Biphenyls Connected by Winding Chains

Biphenyls Connected by Winding Chains

Author: European Journal of Organic Chemistry

Organic molecules with molecular asymmetry, showing chirality without a stereogenic atom, are interesting for applications in e.g., asymmetric catalysis or chirality recognition. In contrast to molecules with a stereogenic carbon atom, chirality based on molecular asymmetry is, in theory, switchable by a conformational change without breaking and reforming a chemical bond.

Atsunori Mori, Kobe University, Japan, and colleagues have synthesized biphenyl derivatives in which two benzene rings are connected by two winding chains, resulting in molecular asymmetry (example pictured). They started from pyrene, which was reacted with NaIO4 in the presence of RuCl3 to obtain a biphenyl tetracarboxylic acid. This intermediate was reduced to the corresponding tetraol. Alternatively, a brominated analogue was obtained via ozonolysis, bromination, and reduction.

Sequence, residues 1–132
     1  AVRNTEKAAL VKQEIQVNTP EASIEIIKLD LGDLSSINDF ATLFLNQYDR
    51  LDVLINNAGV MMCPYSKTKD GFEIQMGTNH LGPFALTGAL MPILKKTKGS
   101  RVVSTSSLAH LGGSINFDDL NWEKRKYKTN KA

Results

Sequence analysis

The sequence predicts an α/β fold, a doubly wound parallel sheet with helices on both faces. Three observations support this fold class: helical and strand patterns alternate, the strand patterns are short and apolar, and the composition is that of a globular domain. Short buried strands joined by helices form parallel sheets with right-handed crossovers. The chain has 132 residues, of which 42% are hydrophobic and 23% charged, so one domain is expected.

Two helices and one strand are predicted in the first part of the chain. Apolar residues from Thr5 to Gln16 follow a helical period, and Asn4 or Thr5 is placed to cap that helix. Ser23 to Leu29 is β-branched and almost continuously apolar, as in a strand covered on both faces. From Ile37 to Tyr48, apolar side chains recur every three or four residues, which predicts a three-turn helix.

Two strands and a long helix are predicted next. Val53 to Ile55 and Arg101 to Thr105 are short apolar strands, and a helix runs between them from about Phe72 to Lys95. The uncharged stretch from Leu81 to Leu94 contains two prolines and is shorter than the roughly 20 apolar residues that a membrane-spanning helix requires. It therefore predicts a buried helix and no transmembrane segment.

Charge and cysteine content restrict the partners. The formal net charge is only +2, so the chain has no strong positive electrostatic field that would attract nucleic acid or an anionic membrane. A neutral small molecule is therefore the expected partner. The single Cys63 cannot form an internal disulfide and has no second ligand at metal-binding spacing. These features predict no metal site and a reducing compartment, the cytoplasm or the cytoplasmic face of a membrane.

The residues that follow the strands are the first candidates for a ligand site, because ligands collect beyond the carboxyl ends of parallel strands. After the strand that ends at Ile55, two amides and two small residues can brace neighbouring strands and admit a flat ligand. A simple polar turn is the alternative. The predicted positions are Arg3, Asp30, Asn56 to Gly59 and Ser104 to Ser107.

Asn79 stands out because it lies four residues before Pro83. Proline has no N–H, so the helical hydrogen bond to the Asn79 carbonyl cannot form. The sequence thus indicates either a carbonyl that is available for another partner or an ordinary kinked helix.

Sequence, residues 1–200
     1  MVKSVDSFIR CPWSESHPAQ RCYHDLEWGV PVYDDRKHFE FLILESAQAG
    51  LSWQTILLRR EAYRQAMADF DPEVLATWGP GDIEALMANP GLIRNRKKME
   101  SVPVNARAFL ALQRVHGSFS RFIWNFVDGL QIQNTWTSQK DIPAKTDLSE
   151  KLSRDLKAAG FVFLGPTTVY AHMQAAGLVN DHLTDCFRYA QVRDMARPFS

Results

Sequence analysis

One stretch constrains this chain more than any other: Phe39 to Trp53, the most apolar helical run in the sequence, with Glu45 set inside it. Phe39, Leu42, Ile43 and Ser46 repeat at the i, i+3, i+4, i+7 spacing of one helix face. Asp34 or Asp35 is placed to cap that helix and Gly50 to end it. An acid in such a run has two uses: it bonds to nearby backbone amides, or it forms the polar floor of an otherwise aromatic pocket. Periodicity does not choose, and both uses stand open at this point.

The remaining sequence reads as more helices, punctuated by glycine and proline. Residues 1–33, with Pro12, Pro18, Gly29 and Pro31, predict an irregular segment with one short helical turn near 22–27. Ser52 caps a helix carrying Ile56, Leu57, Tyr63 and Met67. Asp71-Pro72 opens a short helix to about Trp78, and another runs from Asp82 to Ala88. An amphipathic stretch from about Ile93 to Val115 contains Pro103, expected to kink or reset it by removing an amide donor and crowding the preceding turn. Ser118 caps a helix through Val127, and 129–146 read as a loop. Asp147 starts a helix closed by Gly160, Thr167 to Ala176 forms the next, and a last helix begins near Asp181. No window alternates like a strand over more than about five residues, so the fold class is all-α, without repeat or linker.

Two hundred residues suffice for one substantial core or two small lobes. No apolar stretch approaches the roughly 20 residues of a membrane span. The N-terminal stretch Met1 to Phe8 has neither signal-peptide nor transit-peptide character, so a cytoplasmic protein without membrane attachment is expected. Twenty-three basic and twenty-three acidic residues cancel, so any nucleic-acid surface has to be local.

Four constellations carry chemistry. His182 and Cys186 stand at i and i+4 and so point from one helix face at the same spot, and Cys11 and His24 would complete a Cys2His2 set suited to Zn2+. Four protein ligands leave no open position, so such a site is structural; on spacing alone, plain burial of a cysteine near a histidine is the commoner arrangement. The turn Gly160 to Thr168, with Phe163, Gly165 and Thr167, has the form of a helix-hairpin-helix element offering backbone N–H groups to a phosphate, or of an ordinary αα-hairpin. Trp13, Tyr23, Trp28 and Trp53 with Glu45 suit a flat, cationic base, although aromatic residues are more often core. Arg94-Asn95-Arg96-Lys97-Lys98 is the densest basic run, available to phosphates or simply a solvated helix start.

The resulting tetraols were functionalized via halogenation and a reaction with an allyl Grignard reagent to obtain precursors for ring-closing metathesis. The ring-closing metathesis then closed two “chains” connecting the aromatic rings. For the brominated derivative, the team was able to obtain an X-ray crystal structure, confirming the formation of the desired product as a racemate. The researchers also used a nosyl annulation reaction (nosyl: 2-nitrobenzenesulfonyl) to obtain a similar doubly ring-closed product with nitrogen atoms in the connecting chains.

The team calls the type of chirality in the ring-closed products “double winding vine-shaped” molecular asymmetry. Density functional theory (DFT) calculations suggest that the racemization of the double winding vine biphenyls would hardly take place.


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